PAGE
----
It is clear that federal law creates many obstacles to establishing and effectively managing a marijuana business.  Those in the industry should plan carefully and seek legal advice as to how to best mitigate the risks arising from the conflict between state and federal laws.

In our July 10, 2017 post, Concierge Medicine – Is it for you?, we cautioned that Medicare compliance concerns do not fall away when moving to a concierge or direct-pay model.  HHS has determined that concierge-style agreements are permitted as long as Medicare requirements are not violated.  Unless a physician has opted out of Medicare, the predominant requirement is that an access or membership fee cannot be charged to a Medicare patient for services that are already covered by Medicare.  But how does a concierge physician know where to draw the line?  The relevant authorities have issued very limited guidance in this area.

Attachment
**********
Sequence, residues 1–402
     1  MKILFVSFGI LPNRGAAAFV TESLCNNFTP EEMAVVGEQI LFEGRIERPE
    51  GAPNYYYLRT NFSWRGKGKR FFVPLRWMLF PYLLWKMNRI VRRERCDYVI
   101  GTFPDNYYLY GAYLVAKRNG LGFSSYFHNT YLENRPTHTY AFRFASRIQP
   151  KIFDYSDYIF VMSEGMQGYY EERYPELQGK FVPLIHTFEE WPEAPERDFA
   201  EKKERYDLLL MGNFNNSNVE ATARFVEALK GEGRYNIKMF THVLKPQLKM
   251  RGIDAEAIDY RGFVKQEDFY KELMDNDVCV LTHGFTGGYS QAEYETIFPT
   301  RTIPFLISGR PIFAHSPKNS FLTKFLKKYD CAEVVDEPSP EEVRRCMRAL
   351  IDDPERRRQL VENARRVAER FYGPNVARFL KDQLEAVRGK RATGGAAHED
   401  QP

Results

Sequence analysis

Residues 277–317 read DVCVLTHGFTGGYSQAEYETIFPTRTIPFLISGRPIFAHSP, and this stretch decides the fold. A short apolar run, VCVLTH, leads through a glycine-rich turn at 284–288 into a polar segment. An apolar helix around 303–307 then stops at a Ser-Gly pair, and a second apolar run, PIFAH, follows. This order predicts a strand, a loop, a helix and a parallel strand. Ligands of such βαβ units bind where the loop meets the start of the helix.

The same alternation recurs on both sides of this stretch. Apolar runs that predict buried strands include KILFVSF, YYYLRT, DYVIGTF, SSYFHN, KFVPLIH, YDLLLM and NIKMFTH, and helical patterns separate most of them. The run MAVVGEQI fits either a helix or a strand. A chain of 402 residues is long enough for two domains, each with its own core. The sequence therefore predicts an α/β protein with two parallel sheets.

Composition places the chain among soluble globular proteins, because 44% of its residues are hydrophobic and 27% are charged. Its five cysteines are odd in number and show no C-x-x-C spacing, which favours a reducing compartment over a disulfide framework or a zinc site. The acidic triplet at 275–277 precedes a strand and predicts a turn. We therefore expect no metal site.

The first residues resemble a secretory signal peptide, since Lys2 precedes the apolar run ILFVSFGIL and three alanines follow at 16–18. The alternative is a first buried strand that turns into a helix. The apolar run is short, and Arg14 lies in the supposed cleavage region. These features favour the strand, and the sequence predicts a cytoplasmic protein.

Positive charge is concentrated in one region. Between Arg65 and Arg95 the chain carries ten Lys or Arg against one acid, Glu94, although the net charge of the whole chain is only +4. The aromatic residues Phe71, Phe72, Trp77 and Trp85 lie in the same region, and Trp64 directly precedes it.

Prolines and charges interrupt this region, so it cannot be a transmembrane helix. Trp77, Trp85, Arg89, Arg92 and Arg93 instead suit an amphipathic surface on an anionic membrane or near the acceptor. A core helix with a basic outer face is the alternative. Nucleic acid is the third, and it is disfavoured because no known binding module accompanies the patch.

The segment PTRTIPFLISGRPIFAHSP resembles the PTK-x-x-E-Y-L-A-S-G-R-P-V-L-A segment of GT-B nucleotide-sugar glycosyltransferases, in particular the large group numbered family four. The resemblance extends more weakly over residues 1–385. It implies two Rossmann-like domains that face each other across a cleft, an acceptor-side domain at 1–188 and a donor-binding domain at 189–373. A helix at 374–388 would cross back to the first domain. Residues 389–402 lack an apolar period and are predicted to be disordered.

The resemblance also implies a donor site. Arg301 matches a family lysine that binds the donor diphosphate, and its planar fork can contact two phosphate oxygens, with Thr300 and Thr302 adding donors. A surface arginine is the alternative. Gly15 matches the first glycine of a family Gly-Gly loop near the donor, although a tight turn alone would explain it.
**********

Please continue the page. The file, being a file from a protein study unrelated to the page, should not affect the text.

In March 2004, an OIG Alert was issued reminding Medicare participating providers that they may not charge Medicare patients fees for services already covered by Medicare.  OIG used, as an example, a case involving physician’s charge of $600 for a “Personal Health Care Medical Care Contract” that covered, among other things, coordination of care with other providers, a comprehensive assessment and plan for optimum health, and extra time spent on patient care.  Because some of these services were already reimbursable by Medicare, the physician was found to be in violation of his assignment agreement and was subjected to civil money penalties.  The physician entered into a settlement with OIG and was required to stop offering these contracts.